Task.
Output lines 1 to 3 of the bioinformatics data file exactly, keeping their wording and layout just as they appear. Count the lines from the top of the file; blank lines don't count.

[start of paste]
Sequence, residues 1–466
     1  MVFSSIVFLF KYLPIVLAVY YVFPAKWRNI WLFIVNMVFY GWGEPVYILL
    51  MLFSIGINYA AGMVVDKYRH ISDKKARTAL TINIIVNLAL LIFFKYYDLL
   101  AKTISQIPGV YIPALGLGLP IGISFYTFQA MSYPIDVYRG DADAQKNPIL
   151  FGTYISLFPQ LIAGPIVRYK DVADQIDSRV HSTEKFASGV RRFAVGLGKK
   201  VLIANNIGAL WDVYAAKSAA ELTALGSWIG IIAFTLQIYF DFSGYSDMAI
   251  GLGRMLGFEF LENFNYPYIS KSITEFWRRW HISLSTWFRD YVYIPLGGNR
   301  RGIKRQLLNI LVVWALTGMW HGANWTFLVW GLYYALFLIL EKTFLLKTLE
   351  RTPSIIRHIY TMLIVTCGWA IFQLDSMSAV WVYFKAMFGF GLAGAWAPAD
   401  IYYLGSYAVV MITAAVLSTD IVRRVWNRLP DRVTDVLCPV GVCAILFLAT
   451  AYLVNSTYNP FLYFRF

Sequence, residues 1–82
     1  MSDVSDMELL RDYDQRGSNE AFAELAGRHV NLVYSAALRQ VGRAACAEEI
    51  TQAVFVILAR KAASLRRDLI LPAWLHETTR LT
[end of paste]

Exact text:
Sequence, residues 1–466
     1  MVFSSIVFLF KYLPIVLAVY YVFPAKWRNI WLFIVNMVFY GWGEPVYILL
    51  MLFSIGINYA AGMVVDKYRH ISDKKARTAL TINIIVNLAL LIFFKYYDLL